Banksy has some additional rules beyond what other street artists have demanded of Guetta. Only filming his hands, for example. Guetta has no problem agreeing, and soon the dynamic duo are scrambling over rooftops together. Banksy calls Guetta his friend.So Guetta now really becomes the Sorcerer’s Apprentice, helping Banksy not just in LA, but soon enough back in the UK & elsewhere. To the absolute horror of the master’s own team of full-time assistants, all of whom have been trained to be extremely camera shy. Not for nothing is the production company of this film called Paranoid Pictures. Banksy is on-screen, indeed explaining action & motivations off & on from the first moment to the last, but also shown in shadows, his voice digitally muffled. Most of the film’s narrative voiceover is done instead by Welsh actor Rhys Ifans (soon to be Xenophilius Lovegood in the next-to-last Harry Potter flick).

All of which reaches a climax when two things occur. First, Banksy decides to have an actual show, converting a warehouse on LA’s skid row, complete with a live elephant made up in children’s face paint. PETA is not amused but the A-list set turns out in force, pushing Banksy’s rep (and auction prices) into hyperdrive. Second, Banksy actually tells Guetta to complete his documentary, which triggers a crisis, since Guetta may have hundreds of tapes of raw footage, but utterly no idea about organization or editing. What he comes up with looks like Warren Sonbert suffering from arrhythmia – as a parody of structuralist film-making, from Brakhage to Abigail Child, it might be interesting, but as documentation of a generation of artists desperate to be preserved in amber, not so much.

At this point, Banksy steps in, telling Guetta to give him the tapes & let him edit the documentary, while he, Guetta, goes off to become a street artist on his own. It is here that the Sorcerer’s Apprentice suddenly tips over the buckets of the art world. He has never had a show before, never had a work in a group show. He understandings marketing – his used clothing store requires him to back stacks of old clothing in dank warehouses & create displays of them. And he’s smart enough to understand that if people aren’t buying his goods, he needs to raise his prices, not lower them. So, armed with what he knows about retail & having spent the better part of decade observing street artists, this middle-aged French guy decides to outdo Banksy. If Banksy rented a small warehouse on skid row, Guetta (now calling himself Mr. Brainwash) rents a closed down motion picture studio. He hires sculptors & craftsmen & gives them instructions on the order of “build me an eight-foot spray can” or “make a giant monster out of TV sets.” He & his elves produce hundreds, if not thousands, of prints, most of them deeply imitation of Andy Warhol, Banksy, Fairey & other artists whose work itself is deeply implicated in appropriation. The spray cans for example are labeled Campbell Tomato Spray & given that familiar look. We see celeb portraits galore – often versions done by Warhol – now with dark glasses sprayed on. It’s not great work, but it sure looks familiar.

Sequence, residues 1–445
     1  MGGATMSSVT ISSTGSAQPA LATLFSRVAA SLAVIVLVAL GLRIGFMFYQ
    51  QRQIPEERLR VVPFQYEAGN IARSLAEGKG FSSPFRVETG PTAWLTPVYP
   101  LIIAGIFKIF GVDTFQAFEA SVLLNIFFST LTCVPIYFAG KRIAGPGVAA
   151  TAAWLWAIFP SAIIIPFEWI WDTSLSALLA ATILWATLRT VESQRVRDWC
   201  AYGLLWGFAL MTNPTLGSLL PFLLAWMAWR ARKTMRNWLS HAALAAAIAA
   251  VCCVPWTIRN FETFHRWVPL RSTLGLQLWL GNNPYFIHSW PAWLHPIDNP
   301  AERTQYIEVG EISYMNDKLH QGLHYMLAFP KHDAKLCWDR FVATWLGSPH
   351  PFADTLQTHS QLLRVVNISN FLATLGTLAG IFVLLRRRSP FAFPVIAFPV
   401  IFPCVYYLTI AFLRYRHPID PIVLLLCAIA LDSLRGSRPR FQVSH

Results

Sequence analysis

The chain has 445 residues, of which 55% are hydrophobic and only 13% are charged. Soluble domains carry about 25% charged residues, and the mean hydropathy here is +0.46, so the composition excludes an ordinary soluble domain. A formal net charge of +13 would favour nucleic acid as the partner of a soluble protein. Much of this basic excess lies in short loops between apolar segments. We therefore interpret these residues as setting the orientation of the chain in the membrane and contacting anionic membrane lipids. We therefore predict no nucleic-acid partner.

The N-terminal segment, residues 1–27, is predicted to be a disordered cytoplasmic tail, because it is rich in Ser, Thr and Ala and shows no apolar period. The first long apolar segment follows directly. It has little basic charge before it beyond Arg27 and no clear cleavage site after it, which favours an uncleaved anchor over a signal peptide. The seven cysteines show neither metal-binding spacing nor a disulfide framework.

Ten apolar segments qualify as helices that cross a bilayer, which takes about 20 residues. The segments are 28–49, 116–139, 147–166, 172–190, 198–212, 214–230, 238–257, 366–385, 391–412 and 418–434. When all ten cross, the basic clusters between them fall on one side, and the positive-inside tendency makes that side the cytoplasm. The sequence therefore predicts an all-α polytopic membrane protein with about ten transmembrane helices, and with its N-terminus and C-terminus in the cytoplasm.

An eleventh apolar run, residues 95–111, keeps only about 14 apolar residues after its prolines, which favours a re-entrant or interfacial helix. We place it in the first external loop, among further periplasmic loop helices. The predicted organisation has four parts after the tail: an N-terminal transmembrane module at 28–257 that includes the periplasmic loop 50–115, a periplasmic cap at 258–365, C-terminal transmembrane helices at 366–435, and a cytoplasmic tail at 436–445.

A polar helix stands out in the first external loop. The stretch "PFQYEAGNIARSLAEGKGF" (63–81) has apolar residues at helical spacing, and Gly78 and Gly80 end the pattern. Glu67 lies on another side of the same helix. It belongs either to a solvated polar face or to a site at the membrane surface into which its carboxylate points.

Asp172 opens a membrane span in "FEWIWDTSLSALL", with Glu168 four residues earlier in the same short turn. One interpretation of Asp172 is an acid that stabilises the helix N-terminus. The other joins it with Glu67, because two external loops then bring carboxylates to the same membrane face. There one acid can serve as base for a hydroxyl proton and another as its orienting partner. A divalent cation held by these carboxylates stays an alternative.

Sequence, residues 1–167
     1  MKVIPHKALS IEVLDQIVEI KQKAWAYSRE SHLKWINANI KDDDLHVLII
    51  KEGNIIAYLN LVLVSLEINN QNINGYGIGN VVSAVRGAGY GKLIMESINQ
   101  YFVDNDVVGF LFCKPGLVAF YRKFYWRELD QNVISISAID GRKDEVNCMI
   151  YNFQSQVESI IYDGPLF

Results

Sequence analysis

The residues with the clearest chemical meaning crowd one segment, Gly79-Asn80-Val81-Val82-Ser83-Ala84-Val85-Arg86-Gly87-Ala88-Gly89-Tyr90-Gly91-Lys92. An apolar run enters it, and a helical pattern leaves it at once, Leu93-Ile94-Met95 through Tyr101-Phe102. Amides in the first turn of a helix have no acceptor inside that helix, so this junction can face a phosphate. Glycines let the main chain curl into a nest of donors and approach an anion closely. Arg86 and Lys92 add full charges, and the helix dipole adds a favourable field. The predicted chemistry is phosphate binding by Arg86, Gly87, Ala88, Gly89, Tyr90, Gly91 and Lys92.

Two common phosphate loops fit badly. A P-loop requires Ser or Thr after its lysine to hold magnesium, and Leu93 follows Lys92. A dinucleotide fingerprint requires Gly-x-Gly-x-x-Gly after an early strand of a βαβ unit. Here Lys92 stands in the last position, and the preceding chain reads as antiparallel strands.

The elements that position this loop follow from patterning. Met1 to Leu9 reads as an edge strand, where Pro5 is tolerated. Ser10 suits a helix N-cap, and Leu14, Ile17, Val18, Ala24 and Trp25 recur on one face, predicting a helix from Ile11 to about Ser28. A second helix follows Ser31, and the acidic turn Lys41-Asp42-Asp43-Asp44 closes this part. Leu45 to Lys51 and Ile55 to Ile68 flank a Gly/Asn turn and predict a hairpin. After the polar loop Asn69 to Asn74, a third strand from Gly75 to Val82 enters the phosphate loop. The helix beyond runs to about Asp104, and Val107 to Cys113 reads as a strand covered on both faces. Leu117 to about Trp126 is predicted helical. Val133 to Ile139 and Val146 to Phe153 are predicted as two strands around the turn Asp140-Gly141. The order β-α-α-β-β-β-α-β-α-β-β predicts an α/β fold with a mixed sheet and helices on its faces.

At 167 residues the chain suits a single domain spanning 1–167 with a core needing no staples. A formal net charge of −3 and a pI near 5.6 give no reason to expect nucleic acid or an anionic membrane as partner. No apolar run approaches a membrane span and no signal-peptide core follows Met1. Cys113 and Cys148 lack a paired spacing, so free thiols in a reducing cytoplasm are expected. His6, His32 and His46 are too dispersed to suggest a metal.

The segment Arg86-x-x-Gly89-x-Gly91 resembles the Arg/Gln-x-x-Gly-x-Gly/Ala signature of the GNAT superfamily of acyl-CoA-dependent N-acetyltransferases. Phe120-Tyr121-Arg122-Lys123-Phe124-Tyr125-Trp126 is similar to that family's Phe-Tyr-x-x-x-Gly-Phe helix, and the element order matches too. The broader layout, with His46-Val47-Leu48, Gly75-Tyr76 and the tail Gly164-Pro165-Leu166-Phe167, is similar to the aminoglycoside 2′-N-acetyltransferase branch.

At which point several things occur. Guetta loses track of the number of tasks he needs to complete to make this happen. He emails Banksy for a quote he can use to promote the show, but then uses the quote on billboards. The media picks up on the circus aspect & are everywhere when, shortly before all of this is set to either collapse or come to fruition, Guetta falls & breaks his leg. It’s at this point that the people he’s hired cry out to Banksy for help, who sends his production team to mock up the work. In some cases they take serious liberties – “make a room of art that looks like the stuff in that gallery there.” Is this Guetta’s work? That would be an interesting philosophic discussion, but what is clear is that when his show opens there are 4,000 people or so waiting to get in & within a week he’s sold nearly $1 million in art. Does he have any clue what he’s doing? Banksy and the other street artists use words like “crazy,” “retard” & “mental problems” to describe what’s going on.